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Partitions, windows’ and linux, Oh My!
December 18, 2006 6:06 PM   Subscribe

I’ve got a new 400gb drive heading my way, plus a free copy of Vista. What is the best way to rebuild my system, with XP, Vista sharing files etc. with maybe a little Ubuntu thrown in? There’s

So basically I’m thinking I want a partition for each of the OS’s and one for my files. That way I can backup my OS installs and my files easily and independently.

Oh, and I want my files to be OS agnostic. That is, I’d like to have ONE set of files, that I would use in XP and Vista, and maybe, but not as importantly Ubuntu as well. That’s not asking for moon, right?

Ok, maybe it is, and I have no idea. What would you do in this situation?

Would you go with a 3 (or 4, with linux) partition setup?

If so how would you format the partition for my files? Apparently Vista comes with a new version of NTFS, not remarkable, but apparently you need to use it if you want to use a fancy new auto-backup feature (“Shadow Folders”). I’m guessing this won’t be easy to access with Linux, or maybe even XP for that matter. But shadow folders sound pretty good (if they work as billed).

Would you bother getting fancy with the Vista install to salvage currently installed programs (~100 that I actually use)? (ie. making a copy of my current disk image, and then upgrading that to Vista) Would that bring along the crud that is slowing my current XP install?

I have yet to decide whether I’m going to install XP fresh, or keep the current install. If it makes a difference for setting the dual/triple boot system up I would fresh install.

I’ve never used a dual boot system before, so I’m not familiar with much of what I’m talking about.
posted by nazca to Computers & Internet (7 answers total) 3 users marked this as a favorite
 
you can use either fat32 or ext3 for the shared partition
(here is the link for enabling ext3 support in windows)
http://ext2fsd.sourceforge.net/
ext3 is a better option, but I'm not sure how good the drivers for windows are (I have not personally tested the above linked project)
I would recommend a clean install, just so that accumulated crap doesn't transfer over.
Shadow folders are awsome if you need to revert to a previously saved copy. It has saved me at work a couple of times (file server is win2k3). I don't know if Linux has any support at all for this version of NTFS.
posted by defcom1 at 7:03 PM on December 18, 2006


With a 400 GB drive, I'd probably do 30 gigs each for Ubuntu and Windows, then all the rest as one or more data partitions. (oh, and don't forget the swap partition, which Ubuntu will prompt you to make).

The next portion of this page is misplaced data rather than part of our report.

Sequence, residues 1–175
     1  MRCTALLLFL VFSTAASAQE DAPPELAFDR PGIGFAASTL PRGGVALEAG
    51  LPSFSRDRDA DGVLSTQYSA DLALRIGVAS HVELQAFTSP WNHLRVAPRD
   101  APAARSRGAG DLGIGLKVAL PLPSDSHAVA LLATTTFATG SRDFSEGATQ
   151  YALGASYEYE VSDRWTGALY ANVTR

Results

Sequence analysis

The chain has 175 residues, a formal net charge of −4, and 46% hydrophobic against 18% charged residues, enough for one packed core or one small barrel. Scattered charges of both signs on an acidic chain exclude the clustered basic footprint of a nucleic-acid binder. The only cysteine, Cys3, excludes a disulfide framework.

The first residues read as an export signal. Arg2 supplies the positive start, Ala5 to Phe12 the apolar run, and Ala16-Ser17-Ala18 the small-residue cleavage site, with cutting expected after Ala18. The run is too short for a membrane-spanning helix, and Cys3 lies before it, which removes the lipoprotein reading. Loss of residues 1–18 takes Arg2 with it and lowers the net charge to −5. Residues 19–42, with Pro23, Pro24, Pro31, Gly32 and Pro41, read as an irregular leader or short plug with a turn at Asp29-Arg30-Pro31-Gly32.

I typically use FAT32 partitions for data. I've had good luck playing around with the ext2fsd plugin mentioned above, but haven't used it extensively enough to recommend it for everyday use. Troll around on the internet and see what you can find.
posted by chrisamiller at 7:25 PM on December 18, 2006


Further to what defcom1 says, I've used that driver with no problems in an XP/Ubuntu dual-boot setup. It's what I'd use in your position, as I often have very large files which FAT32 would choke on (ie >4Gb).
posted by pompomtom at 9:37 PM on December 18, 2006


Alternatively, Ubuntu (with a little tweaking) supports NTFS partitions, though probably not this new Vista flavor. It isn't very stable yet, though. Read more here.
posted by Spike at 10:13 PM on December 18, 2006


It's not about Vista, but this guide helped me recently when I set a Shuttle up in a dual-boot XP-Ubuntu arrangement for the first time.

I'd also go for a partition for each OS, one for the swap and then one or more data drives to share.

Just make sure you don't install GRUB on the master boot record, or else windows will overwrite it every time it boots.
posted by StuMiller at 11:22 PM on December 18, 2006


Thanks for the replies.

As I'll be using windows (either XP or Vista) 97% of the time, I think I'm going to use NTFS for my files.

If I can get XP working with the new NTFS, I'll use that, and have a separate fat32 file system for linux.

I haven't been able to find any information on XP compatibility with Transactional NTFS, so I'm really not sure what my chances are.
posted by nazca at 9:05 AM on December 19, 2006


Hack Attack: How to triple-boot Windows XP, Vista and Ubuntu

How To Triple Boot (XP, Vista, Ubuntu) With Single Boot Screen
posted by dgeiser13 at 10:24 AM on December 19, 2006 [1 favorite]


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